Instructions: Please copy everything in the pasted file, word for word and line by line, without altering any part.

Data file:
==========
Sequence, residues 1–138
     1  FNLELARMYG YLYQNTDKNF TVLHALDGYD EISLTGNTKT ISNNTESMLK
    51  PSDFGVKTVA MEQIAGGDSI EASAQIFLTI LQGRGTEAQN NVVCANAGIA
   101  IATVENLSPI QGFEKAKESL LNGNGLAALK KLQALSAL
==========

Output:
Sequence, residues 1–138
     1  FNLELARMYG YLYQNTDKNF TVLHALDGYD EISLTGNTKT ISNNTESMLK
    51  PSDFGVKTVA MEQIAGGDSI EASAQIFLTI LQGRGTEAQN NVVCANAGIA
   101  IATVENLSPI QGFEKAKESL LNGNGLAALK KLQALSAL